Time is a fleeting thing. It’s the one commodity that humanity can’t create or make more of, so when we run short of time it tends to be firmly and distinctly out of our control. But despite that fact, the amount of time we have in a day is fixed. So one would be inclined to think that we would plan and organize our day based on that fact. At least in regards to most people’s fitness routine, this is rarely the case.
“I don’t have the time…” This has to be, hands down, my favourite excuse. And my most hated one. And it is an excuse, because no matter how hectic your day may be, no matter how busy your schedule, there is ALWAYS a small period of time somewhere in your day that will allow you to work on your fitness. Wake up five minutes earlier in the morning and hammer out ten push-ups, ten sit-ups and twenty five jumping jacks. That’s it! Start with that. Granted, that won’t get you ripped like some of the athletes you may see on television, but it will jump start your day, encourage and increase blood flow, get your metabolism started and help you through the rigours of your day.
I was visited by an old friend recently, one who works in the same field as I do. It was an unexpected visit and I hadn’t seen him in months going on a year’s time. We stepped down to my basement where I have an open area I use as an at-home dojo/workout area. I sat down on a futon that sort of slants downward towards the backrest. It’s only moderately comfortable and sometimes requires effort to get off of.
I will freely admit that a person’s weight can be attributed to a number of different factors and is rarely ever the first thing I notice on someone. But considering that my friend looked markedly different than he had months prior made it a difficult fact to overlook. He and I took one look at the futon and both realized simultaneously that if he sat in that thing he wouldn’t be able to get up from it unassisted. He opted instead to have a seat on the solid weight bench I had placed next to the couch. The back was raised at better than 45 degrees and made an adequate alternative. As he sat, his gut bulged out from between his items of clothing. His breathing seemed slightly laboured and his pants appeared to be strangling parts of a man that should never be strangled (if you get my meaning).
It was heartbreaking. This man had done karate with me in his teens, back in New Brunswick. He had played hockey, golf and spent summers camping and kayaking. He took stock of his positioning and realized he could breath easier if he sat back and relieved the pressure on his abdomen.
I have this personal policy about never asking someone about their weight and/or fitness unless they ask, but considering I’ve known this guy for most of his life, I felt I needed to offer some advice. I asked him what he had been doing with himself in recent months. He replied by telling me about his work schedule, time spent camping with his family and what game his favourite hockey team was in.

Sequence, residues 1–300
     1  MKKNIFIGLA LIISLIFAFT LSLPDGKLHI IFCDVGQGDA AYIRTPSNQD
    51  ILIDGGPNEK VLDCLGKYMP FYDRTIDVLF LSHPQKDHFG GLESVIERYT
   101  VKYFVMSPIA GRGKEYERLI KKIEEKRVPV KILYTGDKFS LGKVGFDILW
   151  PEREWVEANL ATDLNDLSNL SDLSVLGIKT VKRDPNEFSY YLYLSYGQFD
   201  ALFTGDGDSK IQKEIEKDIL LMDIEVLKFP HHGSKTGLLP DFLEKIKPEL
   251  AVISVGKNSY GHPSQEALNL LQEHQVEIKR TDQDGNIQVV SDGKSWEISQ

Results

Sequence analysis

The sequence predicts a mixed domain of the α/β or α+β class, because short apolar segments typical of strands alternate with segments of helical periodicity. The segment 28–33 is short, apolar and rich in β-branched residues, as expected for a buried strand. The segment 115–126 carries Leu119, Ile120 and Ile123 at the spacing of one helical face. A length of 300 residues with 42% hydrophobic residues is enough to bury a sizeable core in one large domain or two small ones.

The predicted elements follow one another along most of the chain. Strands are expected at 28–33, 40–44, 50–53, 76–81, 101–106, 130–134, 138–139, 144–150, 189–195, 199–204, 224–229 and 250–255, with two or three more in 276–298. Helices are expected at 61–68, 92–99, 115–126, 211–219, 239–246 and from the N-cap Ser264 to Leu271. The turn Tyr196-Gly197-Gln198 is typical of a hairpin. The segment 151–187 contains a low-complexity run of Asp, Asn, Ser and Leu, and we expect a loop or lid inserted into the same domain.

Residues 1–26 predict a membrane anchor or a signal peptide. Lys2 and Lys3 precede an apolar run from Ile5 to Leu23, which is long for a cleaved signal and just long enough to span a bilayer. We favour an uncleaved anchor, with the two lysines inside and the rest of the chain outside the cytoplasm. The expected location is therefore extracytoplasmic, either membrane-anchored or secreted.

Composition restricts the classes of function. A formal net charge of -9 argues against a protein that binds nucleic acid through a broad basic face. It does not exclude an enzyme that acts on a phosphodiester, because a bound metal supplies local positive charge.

I let him go on for a few minutes and when he was done, I said, “I think you know that’s not what I mean… What have you been doing to get yourself into shape?” The fact I said “get into shape” and not “to keep in shape” was not lost on him, and he cast his eyes downward to the floor. I told him that my intention wasn’t to make him feel bad or shame him, but considering his line of work, being in good, fit physical condition was rather important. He essentially explained that he worked long shifts and that when he got home, he just wanted to crash on the couch and do nothing; a feeling that as a Type 1 Diabetic, I know all too well. He also explained that while home, he contributed his time to his significant other and he didn’t feel he had time to workout. Boy, what a self-destructive way to think…
Folks, there will always be something getting in the way of proper fitness. Especially if you let it! Whether it’s your work, your family or just sheer fatigue, something will ALWAYS be there to prevent you from achieving the fitness level you need. Not necessarily the fitness level you want, but the one you NEED! You gotta move, folks! You can eat twenty pounds of kale a week, and I promise you that your health will still falter if you don’t get yourself off the couch and get moving!
Remember the formula I’ve blogged about in previous posts: everything living has some form of movement. Movement creates energy. Energy sustains life. You can’t have one without the others. There are days that my Diabetes has me so exhausted I have difficulty getting myself off the bed. When blood sugars run rampant and adjustments have to be made, all I want to do is curl into a tight little ball and go to sleep. But giving myself that extra little push of determination, I’m able to make my way to the scheduled karate class, or lift some weights, or bring my son around the neighbourhood on the bicycle.
The trick is to understand that fatigue and pain are temporary. But a faltered health that jeopardizes your health and overall life may be quite a bit more difficult to come back from. Most people think that once they get in shape, their work is done. Nothing could be further from the truth. Ultimately, it’s not enough to reach a certain level of fitness; you also have to maintain it. And in order to do that, you need to get off the couch and get at something. You can still watch your hockey game, but maybe do it on a stationary bike or with some free weights. Get your kids and your spouse involved! Speaking from experience, my wife has hammered through a number of workouts with me. She’s a trooper! And of course, my son mimics every little thing he sees me do, so that part is usually easy.
Make a start. That’s it, just start! There are tons of “body weight only” workouts on the web that you can download, so buying equipment and weights isn’t even necessary. As my brother in law has often said, “why put off until tomorrow the workout you could do today.” ☯